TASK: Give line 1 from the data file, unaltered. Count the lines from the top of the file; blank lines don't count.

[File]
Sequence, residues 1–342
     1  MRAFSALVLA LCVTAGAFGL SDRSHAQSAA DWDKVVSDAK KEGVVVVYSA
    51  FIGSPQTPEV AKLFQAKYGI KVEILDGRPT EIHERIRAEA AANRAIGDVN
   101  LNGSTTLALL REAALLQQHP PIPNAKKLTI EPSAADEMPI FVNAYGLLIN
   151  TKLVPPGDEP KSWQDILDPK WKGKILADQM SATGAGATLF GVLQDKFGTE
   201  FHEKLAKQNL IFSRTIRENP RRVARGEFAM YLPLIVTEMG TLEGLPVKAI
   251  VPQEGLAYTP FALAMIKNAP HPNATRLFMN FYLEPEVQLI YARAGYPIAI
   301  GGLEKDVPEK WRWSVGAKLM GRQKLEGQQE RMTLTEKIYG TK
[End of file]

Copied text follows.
Sequence, residues 1–342